In disclosure, my employer, High Desert Medical Group, is designated as one of the VA’s Authorized Community Care providers, through its Urgent Care, open from 6 a.m. to 11 p.m. every day except Sunday. Veterans who are enrolled in VA healthcare are eligible for services of a non-emergency nature. When their VA healthcare facility is identified, and their VA insurance coverage is verified, they can receive Urgent Care.

To find providers in the Community Care network, Green encouraged VA-enrolled veterans to go to www.va.gov. Once there, they can put in their Zip Code and find out which providers are in the Community Care network.

“If you pick outside of the network, you will pay,” he said.

The MISSION Act consolidates VA’s numerous community care programs, including Veterans Choice, into a new program that is easier to navigate for Veterans and their families, community providers, and VA employees, the organization’s statement said.

Ways that will establish eligibility include: services that are not available at VA, such as maternity care, or certain specialties. Also, the Mission Act provides for care when outside care is in the medical best interest of the veteran – for example, a cancer specialty that is outside VA’s services. Under the previous Choice program, community care was made available if appointments couldn’t be made in 30 days, or the VA facility was more than 40 miles away. Under the Mission Act, it will be a 30-minute drive, and appointment waits longer than 28 days. “So, we have reduced it,” Green said.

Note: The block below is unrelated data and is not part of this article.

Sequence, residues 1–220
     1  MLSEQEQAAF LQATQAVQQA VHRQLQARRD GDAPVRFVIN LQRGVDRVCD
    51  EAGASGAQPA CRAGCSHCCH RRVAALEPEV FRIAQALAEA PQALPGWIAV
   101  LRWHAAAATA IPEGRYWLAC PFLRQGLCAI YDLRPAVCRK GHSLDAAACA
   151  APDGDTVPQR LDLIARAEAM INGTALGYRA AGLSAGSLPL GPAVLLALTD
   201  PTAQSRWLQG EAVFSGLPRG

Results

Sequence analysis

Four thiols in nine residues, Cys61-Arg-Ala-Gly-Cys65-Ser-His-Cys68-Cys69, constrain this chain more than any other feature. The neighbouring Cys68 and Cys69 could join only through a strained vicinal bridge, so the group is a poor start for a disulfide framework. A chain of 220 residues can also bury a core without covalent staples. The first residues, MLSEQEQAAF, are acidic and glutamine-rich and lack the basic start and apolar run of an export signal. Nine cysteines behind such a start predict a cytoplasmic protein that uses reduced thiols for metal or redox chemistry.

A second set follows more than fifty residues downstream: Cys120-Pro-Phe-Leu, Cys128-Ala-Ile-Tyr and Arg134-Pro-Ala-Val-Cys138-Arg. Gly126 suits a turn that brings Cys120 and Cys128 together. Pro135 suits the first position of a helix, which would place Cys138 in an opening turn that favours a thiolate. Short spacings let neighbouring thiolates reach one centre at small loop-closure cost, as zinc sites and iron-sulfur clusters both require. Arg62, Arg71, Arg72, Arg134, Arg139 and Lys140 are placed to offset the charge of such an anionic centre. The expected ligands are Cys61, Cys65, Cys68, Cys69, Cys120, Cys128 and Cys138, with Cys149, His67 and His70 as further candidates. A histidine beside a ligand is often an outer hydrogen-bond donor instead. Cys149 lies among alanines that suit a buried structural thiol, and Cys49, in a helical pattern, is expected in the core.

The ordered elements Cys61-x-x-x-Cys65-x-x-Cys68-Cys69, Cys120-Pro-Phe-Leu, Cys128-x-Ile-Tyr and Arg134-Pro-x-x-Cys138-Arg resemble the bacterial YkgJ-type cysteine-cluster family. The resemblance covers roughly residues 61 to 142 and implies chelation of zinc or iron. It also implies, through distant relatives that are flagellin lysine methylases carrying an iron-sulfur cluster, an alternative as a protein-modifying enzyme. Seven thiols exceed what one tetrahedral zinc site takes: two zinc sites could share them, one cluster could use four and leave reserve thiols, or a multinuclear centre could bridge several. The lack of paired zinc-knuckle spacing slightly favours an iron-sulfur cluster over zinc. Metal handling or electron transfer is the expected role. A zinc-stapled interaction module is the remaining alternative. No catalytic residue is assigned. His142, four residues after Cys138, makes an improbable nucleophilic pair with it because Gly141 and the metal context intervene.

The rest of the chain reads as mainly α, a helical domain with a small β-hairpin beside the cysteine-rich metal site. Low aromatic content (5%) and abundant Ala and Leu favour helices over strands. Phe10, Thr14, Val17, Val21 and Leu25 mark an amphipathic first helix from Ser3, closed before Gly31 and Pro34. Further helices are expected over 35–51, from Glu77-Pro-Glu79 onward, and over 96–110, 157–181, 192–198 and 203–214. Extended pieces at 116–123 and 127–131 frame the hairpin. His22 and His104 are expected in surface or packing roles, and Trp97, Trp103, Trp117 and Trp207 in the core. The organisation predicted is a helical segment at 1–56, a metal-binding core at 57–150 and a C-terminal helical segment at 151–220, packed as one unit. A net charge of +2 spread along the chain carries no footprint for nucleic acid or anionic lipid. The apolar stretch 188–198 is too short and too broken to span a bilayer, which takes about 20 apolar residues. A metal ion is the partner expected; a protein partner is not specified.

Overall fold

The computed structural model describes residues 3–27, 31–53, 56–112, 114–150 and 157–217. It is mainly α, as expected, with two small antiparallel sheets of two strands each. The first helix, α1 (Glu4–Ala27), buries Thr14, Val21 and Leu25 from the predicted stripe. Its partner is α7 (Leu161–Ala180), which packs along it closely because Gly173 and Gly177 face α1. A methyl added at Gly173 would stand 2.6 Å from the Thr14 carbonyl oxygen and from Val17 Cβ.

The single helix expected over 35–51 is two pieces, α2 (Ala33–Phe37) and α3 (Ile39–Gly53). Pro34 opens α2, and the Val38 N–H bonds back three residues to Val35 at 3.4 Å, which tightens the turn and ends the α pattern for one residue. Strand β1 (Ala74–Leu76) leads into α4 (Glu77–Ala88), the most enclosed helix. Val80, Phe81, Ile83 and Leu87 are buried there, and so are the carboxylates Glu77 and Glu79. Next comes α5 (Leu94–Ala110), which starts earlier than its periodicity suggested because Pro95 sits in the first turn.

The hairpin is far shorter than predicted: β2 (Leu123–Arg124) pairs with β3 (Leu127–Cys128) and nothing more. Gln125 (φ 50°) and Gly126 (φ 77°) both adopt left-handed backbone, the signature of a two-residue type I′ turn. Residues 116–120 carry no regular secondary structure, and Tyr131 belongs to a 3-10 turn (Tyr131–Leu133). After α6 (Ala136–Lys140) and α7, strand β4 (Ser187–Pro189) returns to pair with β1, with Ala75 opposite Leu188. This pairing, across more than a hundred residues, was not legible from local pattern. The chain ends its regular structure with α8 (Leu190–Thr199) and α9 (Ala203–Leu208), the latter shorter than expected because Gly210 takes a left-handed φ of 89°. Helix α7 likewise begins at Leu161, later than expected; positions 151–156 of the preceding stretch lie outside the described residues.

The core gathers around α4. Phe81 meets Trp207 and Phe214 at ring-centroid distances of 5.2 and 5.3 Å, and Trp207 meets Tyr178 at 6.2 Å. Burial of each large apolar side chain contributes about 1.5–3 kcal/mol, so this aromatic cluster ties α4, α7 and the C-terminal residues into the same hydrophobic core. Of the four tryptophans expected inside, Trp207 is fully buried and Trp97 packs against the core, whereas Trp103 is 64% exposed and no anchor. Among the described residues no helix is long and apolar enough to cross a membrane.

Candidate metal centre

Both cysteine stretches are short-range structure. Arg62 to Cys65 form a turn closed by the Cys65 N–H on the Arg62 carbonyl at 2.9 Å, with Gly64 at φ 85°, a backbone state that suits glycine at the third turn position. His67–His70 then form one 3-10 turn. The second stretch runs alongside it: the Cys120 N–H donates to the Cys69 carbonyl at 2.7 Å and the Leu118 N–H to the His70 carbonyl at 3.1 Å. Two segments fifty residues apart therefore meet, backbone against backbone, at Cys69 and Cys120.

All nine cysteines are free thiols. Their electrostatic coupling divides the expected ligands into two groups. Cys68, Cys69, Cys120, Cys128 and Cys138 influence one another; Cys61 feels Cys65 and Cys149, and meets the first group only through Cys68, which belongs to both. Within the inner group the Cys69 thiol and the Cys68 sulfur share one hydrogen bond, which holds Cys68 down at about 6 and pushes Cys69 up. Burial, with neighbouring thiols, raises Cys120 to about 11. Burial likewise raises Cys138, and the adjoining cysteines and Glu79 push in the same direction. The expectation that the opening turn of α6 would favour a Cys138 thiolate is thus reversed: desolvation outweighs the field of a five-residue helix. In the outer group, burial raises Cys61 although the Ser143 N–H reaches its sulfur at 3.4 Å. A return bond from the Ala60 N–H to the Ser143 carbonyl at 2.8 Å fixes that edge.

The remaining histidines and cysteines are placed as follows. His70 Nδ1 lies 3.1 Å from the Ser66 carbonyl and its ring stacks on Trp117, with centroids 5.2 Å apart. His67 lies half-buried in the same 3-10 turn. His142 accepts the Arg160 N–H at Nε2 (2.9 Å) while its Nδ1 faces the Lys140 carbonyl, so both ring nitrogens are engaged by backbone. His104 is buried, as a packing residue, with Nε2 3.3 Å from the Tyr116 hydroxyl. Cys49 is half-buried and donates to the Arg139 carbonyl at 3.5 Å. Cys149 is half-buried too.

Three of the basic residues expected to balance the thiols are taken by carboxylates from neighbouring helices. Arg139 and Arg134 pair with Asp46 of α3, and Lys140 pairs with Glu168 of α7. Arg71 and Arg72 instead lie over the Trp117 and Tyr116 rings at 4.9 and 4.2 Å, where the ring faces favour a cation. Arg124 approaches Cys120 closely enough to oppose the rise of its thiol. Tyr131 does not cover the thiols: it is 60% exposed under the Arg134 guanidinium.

As part of this process, VA is establishing access standards and standards for quality that will apply to VA facilities and community providers. Veterans who access community care can expect a familiar process with several improvements through a new urgent care benefit, expanded eligibility criteria, and improved quality of care.  Community providers can expect their interaction with VA will get easier with new IT systems, better communications, and more timely payments.